“Not everything that is signed is translated for the audiences and sometimes the translations take on a life of their own,” Miller said. “So I think it becomes more complex than that in a really good way.”

Photos from the first rehearsal for the DCPA Theatre Company’s ‘Tribes,’ by Nina Raine. All photos by John Moore for the DCPA’s NewsCenter. All photos by John Moore for the DCPA’s NewsCenter.

It’s only fair, after all, that if “hearing” people can use language to obscure and confuse meaning rather than to elucidate — why shouldn’t that tool be available to all of the Tribes characters?

In this family, barriers to communication, real or imagined, might even be seen as a relief or a protection when that family is not asking the tough questions.

“You see that both in the characters who can hear, and in those who can’t,” Weitz said. “These parents have their own marital issues going on. Their other son, Daniel, has mental-illness issues that are not being addressed. The daughter has some self-esteem issues that are not being dealt with. For this family that is so invested in communication and debate, they are not ultimately talking about the central issues of their lives. So in many ways, they are the ones who are cut off from communication, while their deaf son is the one who is learning to communicate fully. That’s the central irony of the play.”

Tribes is one of the first plays in DCPA history that will feature some actors who are hard of hearing. That’s good for the creative team, good for the entire community that is dedicated to issues regarding hearing, and especially good for DCPA audiences, Weitz said.

“I am a big fan of any theatre that makes the audience have to work harder because I feel that theatre is at its most powerful when we are an active participant, and I think this play does that remarkably well,” he said.

But in the end, he believes, Tribes is not that much of a departure from those other classic family stage stories.

“I think people are going to find that underneath that veneer of deafness, the themes and the issues of this play are akin to a lot of plays people have been coming here to see over the years.”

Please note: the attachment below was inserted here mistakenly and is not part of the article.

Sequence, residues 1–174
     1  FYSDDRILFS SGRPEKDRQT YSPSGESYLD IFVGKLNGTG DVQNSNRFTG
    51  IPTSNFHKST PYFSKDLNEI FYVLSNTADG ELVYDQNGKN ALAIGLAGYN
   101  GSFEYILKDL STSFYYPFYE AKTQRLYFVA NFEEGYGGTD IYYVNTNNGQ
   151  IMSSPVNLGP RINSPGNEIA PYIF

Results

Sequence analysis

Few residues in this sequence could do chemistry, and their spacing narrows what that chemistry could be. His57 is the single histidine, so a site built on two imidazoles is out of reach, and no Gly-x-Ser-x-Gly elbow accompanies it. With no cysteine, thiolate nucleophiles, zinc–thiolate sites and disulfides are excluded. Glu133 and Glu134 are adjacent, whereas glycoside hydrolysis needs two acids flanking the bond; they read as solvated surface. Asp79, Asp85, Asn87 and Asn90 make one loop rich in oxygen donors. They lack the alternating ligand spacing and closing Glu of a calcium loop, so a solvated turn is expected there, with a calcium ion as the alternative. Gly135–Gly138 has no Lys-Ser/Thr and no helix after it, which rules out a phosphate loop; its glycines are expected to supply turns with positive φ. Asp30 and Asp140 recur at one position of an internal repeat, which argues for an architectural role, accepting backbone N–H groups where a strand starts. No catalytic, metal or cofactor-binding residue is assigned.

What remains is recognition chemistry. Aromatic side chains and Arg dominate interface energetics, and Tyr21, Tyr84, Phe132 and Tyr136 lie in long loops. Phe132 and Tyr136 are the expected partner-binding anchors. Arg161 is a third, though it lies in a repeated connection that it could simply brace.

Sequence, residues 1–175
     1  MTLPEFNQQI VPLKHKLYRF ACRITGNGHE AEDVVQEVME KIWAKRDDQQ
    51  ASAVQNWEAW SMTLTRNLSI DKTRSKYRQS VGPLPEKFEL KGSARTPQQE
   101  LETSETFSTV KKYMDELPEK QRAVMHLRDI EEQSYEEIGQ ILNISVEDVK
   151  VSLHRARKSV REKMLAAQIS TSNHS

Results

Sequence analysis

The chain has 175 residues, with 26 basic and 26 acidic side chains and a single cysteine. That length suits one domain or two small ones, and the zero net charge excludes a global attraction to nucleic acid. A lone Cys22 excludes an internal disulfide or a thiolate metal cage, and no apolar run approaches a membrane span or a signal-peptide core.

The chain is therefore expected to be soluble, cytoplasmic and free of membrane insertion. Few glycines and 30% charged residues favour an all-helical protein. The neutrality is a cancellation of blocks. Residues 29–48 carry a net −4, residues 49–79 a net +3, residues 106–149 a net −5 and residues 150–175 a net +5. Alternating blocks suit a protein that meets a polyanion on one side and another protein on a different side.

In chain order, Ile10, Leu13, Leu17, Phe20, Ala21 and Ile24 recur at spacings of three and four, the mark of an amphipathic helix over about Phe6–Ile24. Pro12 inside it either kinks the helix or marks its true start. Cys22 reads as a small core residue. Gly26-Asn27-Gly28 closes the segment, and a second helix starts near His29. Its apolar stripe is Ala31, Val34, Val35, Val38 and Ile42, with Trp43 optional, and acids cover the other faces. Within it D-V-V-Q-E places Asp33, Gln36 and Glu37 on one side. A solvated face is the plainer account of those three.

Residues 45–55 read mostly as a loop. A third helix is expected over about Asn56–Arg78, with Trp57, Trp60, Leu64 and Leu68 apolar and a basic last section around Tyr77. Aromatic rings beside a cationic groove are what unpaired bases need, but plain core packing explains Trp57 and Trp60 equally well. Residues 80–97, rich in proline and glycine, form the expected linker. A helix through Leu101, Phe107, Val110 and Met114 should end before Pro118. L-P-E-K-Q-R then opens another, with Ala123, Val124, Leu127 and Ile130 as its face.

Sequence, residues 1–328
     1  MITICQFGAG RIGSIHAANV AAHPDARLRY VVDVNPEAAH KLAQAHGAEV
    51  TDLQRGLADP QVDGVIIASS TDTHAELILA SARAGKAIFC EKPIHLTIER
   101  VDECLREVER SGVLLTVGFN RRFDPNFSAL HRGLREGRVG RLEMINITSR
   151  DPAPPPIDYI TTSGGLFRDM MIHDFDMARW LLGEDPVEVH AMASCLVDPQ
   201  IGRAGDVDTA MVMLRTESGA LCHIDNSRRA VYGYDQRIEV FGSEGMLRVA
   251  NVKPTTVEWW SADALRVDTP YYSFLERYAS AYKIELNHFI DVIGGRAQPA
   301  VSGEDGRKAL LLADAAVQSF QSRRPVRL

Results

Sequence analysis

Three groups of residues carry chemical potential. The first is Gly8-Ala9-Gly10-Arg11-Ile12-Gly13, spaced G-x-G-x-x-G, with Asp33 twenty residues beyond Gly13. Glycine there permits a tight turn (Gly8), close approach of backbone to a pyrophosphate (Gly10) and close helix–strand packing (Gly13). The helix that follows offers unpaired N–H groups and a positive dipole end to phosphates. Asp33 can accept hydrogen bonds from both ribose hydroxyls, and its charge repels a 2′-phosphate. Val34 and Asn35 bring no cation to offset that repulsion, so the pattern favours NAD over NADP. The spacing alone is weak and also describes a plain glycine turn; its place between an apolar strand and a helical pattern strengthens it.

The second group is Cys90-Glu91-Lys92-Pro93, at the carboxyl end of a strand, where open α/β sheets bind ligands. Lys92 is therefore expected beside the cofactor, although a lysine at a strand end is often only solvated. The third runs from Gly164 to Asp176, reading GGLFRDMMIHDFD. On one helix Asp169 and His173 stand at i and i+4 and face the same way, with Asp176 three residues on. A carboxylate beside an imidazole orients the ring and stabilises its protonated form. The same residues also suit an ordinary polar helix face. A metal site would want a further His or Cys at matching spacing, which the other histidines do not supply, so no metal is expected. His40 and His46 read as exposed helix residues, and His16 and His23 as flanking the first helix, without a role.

John Moore was theatre critic at The Denver Post for 12 years and was named one of the 12 most influential theater critics in the U.S by American Theatre Magazine in 2011. He has since taken a groundbreaking position as the Denver Center’s Senior Arts Journalist.

Tribes: Ticket information
Performances Oct. 9 through Nov. 15
Ricketson Theatre
Performance schedule: Tuesday, Wednesday and Thursday performances at 6:30 p.m. Friday and Saturday performances at 7:30 p.m. Saturday and Sunday matinees at 1:30 p.m. (No Saturday matinees during preview performances)
ASL interpreted & Audio described performance: 1:30 p.m. Nov. 7
Call 303-893-4100 or
TTY: 303-893-9582
Groups of 15 or more: 303-446-4829
Also: Purchase in person at The Denver Center Ticket Office, located at the Helen Bonfils Theatre Complex lobby. Buy and print online at Denvercenter.org.

Please be advised that the Denver Center for the Performing Arts – denvercenter.org – is the only authorized online ticket provider for the Denver engagement of ‘Tribes.’

Previous NewsCenter coverage of Tribes:
Go to the official Tribes show page
Tribes: Anytime there is an ‘us,’ there is a ‘them’
Theatre Company giddily going down rabbit hole in 2015-16
Casting announced for Theatre Company’s fall shows
Theatre Company introduces bold new artwork for 2015-16 season